The importance of water holes and pastures led to a sense of territoriality and the organization (coordination) within and between groups of movements over long and short distances. This encouraged the emergence of a managerial strategy based on tribal affiliations and political organization.

In the American Southwest, in the uplands of the Gila and San Juan rivers, long irrigation canals were dug to water the crops. The Hohokam in this region built mound platforms and ball courts associated with the canals. Ceremonial ball games and other activities were apparently carried out, perhaps with irrigation rites involving various segments of the population.

Early States: Managing Inequality

The early state was not responsible for or involved in massive irrigation programs, and nowhere is there any evidence in early civilizations for a centralized despotic organization based on elaborate water works. However, the rise of the state created a destabilizing force. This force consisted of a greater demand for food to meet the progressive increase in the number of non-food-producers, from the king and his court to the scribes and the carpenters.

This force gained more intensity as the demand of each of the non-foodproducers soared to fit their elevated social status. With an increasing demand for food, the farmers were forced to work harder, to work longer hours, and to beget more children to increase the size of the labor force. Social and ideological mechanisms were put in place to ensure that farmers remained in the fields, living in misery and destitution in hovels. At the same time, the state elite – and the supporting cast of priests, scribes, soldiers, and artisans – retreated to palaces and town houses on royal estates in capital cities and provincial towns. Social inequality and poverty thus began, and were to plague humanity throughout history.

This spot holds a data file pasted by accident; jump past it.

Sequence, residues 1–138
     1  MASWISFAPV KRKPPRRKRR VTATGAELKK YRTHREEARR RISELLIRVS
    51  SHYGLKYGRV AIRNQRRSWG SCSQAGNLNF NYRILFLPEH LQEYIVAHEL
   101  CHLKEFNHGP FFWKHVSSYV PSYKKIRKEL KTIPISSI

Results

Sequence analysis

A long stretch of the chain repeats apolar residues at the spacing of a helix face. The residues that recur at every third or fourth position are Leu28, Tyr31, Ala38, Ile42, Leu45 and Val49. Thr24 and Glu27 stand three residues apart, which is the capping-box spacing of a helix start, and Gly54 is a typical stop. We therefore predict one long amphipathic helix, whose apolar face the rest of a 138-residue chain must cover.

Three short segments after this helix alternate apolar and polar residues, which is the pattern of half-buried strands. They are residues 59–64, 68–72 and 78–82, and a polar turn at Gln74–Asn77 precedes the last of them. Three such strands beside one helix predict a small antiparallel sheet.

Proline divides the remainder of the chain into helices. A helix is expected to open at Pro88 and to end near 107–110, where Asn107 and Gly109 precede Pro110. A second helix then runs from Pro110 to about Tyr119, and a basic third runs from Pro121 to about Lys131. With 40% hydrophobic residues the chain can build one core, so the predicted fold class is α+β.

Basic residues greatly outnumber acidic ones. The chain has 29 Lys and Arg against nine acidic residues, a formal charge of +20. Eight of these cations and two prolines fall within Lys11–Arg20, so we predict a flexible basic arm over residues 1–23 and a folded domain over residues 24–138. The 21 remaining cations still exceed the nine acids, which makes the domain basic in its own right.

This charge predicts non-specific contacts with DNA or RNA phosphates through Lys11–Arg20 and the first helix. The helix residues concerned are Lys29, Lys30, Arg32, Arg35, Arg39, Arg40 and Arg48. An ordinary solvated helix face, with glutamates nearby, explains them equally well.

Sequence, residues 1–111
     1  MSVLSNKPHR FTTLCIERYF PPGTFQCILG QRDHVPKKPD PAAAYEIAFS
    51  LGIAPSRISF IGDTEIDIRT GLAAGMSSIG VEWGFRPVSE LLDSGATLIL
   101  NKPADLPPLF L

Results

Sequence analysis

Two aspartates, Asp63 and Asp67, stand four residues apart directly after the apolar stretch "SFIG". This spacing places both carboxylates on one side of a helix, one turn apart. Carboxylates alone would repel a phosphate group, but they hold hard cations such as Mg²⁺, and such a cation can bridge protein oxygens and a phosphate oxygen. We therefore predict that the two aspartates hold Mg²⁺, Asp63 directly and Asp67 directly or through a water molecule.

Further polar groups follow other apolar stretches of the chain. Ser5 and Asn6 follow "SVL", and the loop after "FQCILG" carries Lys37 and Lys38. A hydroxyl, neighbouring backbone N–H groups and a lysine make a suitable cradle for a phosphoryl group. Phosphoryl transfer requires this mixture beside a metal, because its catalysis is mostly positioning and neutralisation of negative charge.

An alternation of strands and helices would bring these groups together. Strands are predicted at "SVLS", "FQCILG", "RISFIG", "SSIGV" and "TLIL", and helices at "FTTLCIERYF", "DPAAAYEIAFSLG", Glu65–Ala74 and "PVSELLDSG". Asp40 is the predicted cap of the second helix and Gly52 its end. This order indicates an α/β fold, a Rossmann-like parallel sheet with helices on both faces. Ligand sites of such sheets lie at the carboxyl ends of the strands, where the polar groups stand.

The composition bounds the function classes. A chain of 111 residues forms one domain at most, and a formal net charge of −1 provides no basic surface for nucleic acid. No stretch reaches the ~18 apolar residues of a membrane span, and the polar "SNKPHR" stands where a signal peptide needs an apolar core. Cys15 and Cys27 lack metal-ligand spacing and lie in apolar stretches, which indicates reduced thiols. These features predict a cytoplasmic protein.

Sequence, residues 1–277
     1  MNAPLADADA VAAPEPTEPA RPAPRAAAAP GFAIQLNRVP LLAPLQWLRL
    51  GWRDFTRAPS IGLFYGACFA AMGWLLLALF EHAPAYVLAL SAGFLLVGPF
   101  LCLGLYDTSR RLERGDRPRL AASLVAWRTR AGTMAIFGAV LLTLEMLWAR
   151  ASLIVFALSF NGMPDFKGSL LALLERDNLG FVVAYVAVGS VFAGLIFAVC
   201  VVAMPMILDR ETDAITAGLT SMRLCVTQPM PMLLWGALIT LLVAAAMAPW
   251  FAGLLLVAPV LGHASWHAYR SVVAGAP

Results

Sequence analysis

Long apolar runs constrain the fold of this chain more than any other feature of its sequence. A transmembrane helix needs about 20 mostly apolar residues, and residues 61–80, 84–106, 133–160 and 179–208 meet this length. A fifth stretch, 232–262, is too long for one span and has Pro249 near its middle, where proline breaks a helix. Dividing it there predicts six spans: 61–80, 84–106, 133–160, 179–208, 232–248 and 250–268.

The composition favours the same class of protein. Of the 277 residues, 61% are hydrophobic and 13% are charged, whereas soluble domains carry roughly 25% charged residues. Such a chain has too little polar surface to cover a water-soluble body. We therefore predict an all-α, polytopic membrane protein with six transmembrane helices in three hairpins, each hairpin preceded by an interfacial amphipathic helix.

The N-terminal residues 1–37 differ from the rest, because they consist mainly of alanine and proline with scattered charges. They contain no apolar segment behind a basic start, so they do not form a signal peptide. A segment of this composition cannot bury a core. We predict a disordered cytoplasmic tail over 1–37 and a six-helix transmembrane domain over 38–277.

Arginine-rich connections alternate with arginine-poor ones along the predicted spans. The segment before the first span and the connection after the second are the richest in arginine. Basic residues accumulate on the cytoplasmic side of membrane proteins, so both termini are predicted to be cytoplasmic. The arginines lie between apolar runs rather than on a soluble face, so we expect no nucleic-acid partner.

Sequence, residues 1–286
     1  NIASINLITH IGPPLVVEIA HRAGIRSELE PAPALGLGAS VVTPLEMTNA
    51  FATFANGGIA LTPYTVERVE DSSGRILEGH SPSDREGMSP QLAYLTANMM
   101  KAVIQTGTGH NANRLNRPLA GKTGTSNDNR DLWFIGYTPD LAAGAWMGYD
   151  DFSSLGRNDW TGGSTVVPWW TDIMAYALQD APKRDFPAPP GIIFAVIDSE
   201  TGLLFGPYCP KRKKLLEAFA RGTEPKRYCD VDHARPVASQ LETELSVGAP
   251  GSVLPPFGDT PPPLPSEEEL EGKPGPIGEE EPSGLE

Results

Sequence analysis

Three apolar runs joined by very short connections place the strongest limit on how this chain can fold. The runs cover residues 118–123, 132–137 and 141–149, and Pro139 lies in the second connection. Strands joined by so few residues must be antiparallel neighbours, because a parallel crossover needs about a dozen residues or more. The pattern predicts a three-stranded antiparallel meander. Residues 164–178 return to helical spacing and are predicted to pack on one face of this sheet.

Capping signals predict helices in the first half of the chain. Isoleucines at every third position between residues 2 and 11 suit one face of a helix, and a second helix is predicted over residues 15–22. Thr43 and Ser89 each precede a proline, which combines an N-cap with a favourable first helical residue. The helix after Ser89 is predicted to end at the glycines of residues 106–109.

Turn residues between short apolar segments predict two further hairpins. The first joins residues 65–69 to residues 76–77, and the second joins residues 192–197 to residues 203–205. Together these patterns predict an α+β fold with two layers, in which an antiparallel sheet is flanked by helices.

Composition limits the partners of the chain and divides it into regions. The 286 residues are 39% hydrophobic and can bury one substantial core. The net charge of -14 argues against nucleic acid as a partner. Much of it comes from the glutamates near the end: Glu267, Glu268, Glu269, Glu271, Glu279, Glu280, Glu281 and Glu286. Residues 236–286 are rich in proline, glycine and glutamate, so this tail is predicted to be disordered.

Greater productivity, to feed both the peasants and the rising number of non-food-producers, could only mean that more water was needed, especially when the stretched system of production suffered from lack of rain or poor floods. The answer was for the kings to dig longer canals, construct bigger dikes, and on occasions to reform the organizational bureaucracy. In some state societies, urban centers for the state elite, craft specialists, priests, and scribes led to the emergence of the earliest large cities with as many as 20,000–40,000 persons. The permanent location of these cities required protection from floods, transport of water, supply of goods through water canals, storage of water in tanks or ponds, and water distribution and sewage systems.